An anterior-posterior pelvis radiograph showed an osteolytic bone lesion in the right superior pubic ramus and acetabulum [Figure 1]. A computer tomography (CT) scan revealed the same destructive lytic bone lesion around the right acetabulum and superior pubic ramus. There was marked destruction of the cortex and an associated soft tissue mass extending into the obturator internus muscle. There was no lymphadenopathy. Differential diagnosis included metastatic neoplasms versus primary bone tumors or lymphoma.
A CT guided FNA of the right superior pubic ramus was performed using a 22 gauge needle. Air-dried smears were stained with Diff-Quik (Baxter, Melrow Park, IL, USA). The needles from each pass along with remaining FNA samples were rinsed with Hank’s solution and used for making cell block. Rapid interpretation was given based on the finding noted on the Diff-Quik stain. The specimen was hypocellular and revealed varying numbers of large histiocytes with prominent emperipolesis. Those large histiocytes contain numerous phagocytosed intact lymphocytes, neutrophils and rare plasma cells within the cytoplasm [Figure 2a]. Fine vacuoles in the cytoplasm of the histiocytes were easily appreciated. There were polymorphous lymphoid elements and relative lack of eosinophils; with slightly increased numbers of plasma cells in the background [Figure 2b]. No pleomorphic spindle cells or monomorphic lymphoid cells were noted, excluding the possibility of sarcoma or lymphoma. Based on these findings, a diagnosis of a RDD was considered. No clinical history was provided at the time of rapid interpretation.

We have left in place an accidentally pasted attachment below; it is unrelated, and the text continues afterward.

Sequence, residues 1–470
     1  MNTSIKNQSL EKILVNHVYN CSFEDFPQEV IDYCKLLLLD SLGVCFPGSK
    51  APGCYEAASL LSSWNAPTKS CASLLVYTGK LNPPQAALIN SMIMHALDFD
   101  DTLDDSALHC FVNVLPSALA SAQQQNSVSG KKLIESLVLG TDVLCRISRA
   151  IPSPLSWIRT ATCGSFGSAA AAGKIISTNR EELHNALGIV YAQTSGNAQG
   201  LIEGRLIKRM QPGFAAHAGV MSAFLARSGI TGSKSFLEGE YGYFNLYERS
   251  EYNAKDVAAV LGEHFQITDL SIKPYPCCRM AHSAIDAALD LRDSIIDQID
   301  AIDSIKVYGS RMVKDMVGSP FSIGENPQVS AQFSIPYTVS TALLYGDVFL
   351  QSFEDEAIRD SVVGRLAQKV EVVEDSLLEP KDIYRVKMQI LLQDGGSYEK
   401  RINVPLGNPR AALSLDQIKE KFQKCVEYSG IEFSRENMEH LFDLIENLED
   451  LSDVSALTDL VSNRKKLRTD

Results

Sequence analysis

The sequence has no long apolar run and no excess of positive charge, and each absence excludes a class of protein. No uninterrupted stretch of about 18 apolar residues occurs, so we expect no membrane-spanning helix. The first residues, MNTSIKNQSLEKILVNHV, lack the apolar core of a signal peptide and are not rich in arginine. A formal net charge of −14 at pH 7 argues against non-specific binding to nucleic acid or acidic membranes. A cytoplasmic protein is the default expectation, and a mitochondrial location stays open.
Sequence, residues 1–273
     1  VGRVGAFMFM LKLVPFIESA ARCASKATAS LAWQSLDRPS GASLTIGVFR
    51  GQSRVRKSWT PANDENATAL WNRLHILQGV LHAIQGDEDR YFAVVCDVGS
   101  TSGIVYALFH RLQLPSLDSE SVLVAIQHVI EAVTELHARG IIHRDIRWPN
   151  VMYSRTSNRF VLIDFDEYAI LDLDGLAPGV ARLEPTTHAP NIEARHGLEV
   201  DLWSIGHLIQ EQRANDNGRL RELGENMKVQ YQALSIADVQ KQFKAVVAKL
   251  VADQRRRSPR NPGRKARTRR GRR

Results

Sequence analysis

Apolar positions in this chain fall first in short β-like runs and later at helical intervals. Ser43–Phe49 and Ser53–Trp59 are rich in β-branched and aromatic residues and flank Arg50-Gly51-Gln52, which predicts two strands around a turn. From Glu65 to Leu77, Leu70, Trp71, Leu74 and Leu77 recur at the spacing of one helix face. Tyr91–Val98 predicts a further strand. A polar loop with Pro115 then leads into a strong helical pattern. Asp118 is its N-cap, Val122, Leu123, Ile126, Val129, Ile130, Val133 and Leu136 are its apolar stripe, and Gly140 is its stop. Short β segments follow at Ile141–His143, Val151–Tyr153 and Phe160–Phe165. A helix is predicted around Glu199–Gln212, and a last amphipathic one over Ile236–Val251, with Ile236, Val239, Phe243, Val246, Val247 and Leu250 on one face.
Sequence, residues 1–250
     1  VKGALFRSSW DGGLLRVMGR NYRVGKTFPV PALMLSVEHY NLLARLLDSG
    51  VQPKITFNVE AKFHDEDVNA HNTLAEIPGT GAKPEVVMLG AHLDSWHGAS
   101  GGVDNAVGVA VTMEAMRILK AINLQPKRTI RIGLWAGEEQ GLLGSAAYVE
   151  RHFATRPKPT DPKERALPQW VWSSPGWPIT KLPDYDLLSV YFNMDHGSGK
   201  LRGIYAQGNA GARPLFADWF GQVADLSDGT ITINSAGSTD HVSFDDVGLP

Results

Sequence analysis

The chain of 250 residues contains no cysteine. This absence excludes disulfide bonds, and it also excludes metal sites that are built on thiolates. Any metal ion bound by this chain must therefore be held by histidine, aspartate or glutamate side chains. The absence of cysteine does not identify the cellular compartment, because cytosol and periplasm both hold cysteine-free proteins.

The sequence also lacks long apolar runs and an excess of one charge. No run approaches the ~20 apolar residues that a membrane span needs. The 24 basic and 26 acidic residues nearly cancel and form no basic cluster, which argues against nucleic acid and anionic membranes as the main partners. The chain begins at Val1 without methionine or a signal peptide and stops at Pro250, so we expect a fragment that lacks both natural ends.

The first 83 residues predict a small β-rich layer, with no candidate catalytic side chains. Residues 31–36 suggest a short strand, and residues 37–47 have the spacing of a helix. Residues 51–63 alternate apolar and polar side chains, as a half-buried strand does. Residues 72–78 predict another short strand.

Immunoperoxidase stains for antibodies to S-100 protein and CD1a were performed on the cell block. The histiocytes were intensely positive for S-100 protein [Figure 2c] and negative for CD1a, supporting the diagnosis of RDD.
A follow-up biopsy confirmed the diagnosis of RDD histologically. Due to progressive pain and concern for a potential future pathologic fracture, the patient was advised to undergo radiation therapy and chemotherapy that she was to pursue in a different city from where she lives. Follow- up had been lost since then.